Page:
The Care Act (2014) is a piece of legislation endorsed by NHS England in accordance with Health and Social Care (2012).

2.2 Describe agreed ways of working relating to pressure area care

Health and social care professionals working in pressure area care will typically have a number of agreed ways of working together. These may include ensuring that staff are adequately trained in how to deal with the pressure, using checklists or protocols to monitor residents’ welfare, setting up systems for communication between teams and other relevant stakeholders, providing support and respite for staff when needed, maintaining accurate records and tracking data relating to resident’s health/wellbeing.

The agreed ways of working in the pressure care area generally have to do with employers’ responsibility to put in place workplace and work-area policies and safety procedures that are expected of employees for moving and handling during operations.

The employer must explain in detail every procedure developed for the operations in which they are involved, as well as provide effective training of standard operating procedures and policies to such trained employees and place such trained employees under constant supervision.

The employee’s role in this agreement is to read the procedures of operation provided by the employer, and if they don’t understand, ask questions; additionally, the employee must be present at the scheduled training and properly understand the employer’s needs, requirements, extremes, and limits of operation.

The employee must understand and receive the skill training required for operation and proper handling of the equipment used in operations with all diligence. When repositioning people who are experiencing high levels of stress or discomfort, care must be taken to ensure that they are not placed in a position where they feel even more pressure. Also, staff should be careful not to move people too quickly or excessively, as this could further aggravate their symptoms.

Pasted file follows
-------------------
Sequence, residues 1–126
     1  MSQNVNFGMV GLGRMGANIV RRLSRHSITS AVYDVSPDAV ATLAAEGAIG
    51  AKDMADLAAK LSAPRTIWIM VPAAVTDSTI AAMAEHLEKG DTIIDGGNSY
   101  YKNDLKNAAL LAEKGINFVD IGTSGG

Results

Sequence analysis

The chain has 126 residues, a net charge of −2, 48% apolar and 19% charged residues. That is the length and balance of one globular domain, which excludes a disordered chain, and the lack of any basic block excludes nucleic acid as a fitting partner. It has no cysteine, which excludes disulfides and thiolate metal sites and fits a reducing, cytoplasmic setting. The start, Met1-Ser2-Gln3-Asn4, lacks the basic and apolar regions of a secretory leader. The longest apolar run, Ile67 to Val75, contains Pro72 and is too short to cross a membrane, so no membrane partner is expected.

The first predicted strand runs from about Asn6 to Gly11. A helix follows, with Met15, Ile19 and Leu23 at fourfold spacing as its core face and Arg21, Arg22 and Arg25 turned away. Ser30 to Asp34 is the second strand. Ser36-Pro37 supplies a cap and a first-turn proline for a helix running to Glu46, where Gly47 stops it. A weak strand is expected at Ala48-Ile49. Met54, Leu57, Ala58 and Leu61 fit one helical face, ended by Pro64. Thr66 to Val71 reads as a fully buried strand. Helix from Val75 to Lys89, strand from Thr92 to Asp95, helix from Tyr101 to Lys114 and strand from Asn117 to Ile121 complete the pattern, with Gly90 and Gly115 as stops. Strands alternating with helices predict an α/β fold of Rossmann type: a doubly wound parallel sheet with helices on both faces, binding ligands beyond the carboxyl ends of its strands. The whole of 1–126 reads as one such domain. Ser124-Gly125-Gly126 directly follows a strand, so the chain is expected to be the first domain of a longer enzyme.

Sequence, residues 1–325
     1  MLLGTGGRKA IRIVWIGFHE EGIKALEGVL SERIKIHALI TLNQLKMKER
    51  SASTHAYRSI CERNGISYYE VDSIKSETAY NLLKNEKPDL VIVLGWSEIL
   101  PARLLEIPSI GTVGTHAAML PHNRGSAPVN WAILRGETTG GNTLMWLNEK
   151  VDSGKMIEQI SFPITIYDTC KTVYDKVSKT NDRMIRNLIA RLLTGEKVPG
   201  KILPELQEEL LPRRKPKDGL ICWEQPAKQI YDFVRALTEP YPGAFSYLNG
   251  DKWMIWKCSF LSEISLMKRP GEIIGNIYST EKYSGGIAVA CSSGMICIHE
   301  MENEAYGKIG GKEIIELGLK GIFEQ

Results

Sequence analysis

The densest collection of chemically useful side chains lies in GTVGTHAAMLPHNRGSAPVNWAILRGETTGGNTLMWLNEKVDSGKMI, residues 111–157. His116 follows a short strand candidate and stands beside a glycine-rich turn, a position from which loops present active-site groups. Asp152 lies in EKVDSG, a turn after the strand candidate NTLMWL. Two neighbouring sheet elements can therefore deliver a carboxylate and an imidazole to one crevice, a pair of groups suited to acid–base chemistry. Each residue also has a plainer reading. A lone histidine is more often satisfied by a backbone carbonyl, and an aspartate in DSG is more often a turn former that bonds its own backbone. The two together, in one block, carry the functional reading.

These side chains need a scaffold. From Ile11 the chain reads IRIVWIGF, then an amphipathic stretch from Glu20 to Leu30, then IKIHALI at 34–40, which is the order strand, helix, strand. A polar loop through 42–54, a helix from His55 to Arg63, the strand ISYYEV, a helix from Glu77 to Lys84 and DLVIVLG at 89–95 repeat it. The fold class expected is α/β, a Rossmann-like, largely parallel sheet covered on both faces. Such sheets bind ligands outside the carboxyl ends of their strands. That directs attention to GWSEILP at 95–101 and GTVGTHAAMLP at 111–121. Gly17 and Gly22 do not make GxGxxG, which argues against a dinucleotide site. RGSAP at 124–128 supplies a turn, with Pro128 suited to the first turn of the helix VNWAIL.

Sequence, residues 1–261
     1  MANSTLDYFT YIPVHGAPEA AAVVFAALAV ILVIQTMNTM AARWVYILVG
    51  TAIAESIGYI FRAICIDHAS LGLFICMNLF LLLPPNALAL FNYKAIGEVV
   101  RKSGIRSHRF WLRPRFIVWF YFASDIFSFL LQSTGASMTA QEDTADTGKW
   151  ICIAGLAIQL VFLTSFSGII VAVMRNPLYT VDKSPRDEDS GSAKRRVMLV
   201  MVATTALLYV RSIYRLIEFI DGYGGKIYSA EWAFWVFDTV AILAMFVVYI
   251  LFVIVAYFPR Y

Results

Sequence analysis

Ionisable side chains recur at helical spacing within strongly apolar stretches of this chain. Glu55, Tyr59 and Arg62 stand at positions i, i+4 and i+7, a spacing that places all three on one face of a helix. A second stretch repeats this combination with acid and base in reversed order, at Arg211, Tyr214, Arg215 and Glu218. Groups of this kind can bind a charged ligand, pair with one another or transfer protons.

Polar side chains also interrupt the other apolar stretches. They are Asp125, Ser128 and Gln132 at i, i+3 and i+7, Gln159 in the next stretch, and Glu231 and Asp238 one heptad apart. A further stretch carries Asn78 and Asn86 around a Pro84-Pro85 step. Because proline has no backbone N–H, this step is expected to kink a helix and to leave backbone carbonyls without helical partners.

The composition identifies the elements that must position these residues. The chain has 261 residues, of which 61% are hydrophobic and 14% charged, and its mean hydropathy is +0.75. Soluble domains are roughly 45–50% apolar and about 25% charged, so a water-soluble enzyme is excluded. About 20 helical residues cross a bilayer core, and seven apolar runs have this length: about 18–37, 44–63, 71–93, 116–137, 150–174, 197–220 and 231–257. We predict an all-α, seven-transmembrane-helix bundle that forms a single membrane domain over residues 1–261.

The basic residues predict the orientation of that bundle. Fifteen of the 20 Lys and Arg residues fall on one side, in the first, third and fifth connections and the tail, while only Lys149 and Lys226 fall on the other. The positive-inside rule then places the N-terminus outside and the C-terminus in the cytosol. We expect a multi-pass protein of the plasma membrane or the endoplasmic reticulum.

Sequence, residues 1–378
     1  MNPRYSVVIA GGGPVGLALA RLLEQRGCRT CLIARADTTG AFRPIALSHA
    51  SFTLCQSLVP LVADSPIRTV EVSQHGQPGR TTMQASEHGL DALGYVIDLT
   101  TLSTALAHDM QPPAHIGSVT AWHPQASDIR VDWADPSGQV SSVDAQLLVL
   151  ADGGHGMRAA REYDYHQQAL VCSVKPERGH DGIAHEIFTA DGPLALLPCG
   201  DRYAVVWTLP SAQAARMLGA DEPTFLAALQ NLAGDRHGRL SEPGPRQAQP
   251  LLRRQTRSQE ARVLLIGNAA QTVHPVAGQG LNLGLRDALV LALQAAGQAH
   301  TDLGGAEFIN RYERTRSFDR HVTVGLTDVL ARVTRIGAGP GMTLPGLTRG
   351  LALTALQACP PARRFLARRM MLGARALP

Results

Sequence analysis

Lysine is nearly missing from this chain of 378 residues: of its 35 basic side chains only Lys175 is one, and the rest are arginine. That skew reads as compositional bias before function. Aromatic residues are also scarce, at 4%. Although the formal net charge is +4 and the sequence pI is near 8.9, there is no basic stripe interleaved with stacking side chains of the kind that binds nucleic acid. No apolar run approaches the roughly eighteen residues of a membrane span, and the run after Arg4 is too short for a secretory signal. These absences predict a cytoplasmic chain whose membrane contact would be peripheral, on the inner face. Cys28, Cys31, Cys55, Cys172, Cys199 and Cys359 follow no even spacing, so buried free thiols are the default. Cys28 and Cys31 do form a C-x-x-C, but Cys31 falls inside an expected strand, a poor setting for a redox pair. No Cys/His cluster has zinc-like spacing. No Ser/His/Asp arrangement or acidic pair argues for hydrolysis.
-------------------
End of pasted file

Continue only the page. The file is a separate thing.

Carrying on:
Finally, pressure area care must be integrated into the overall care plan for a vulnerable person. This means that staff are aware of how to provide support when needed and that any interventions (such as decongestants or cold therapy) are prescribed in line with the individual’s specific needs.

2.3 Describe why team working is important in relation to providing pressure area care

Working as a team is important in providing pressure area care because it helps to relieve pressure on one person. Teamwork helps to bring internal supervision done by employees themselves into operations, providing checks and balances in the operation procedures.

Planned teamwork assists employers in introducing adherence to correct moving and handling and reduces the risk of harm and pain to personnel during work operations. Each team member who has been trained to know what to do before moving a person or handling equipment will reduce the occurrence of risk and harm to personnel and service user.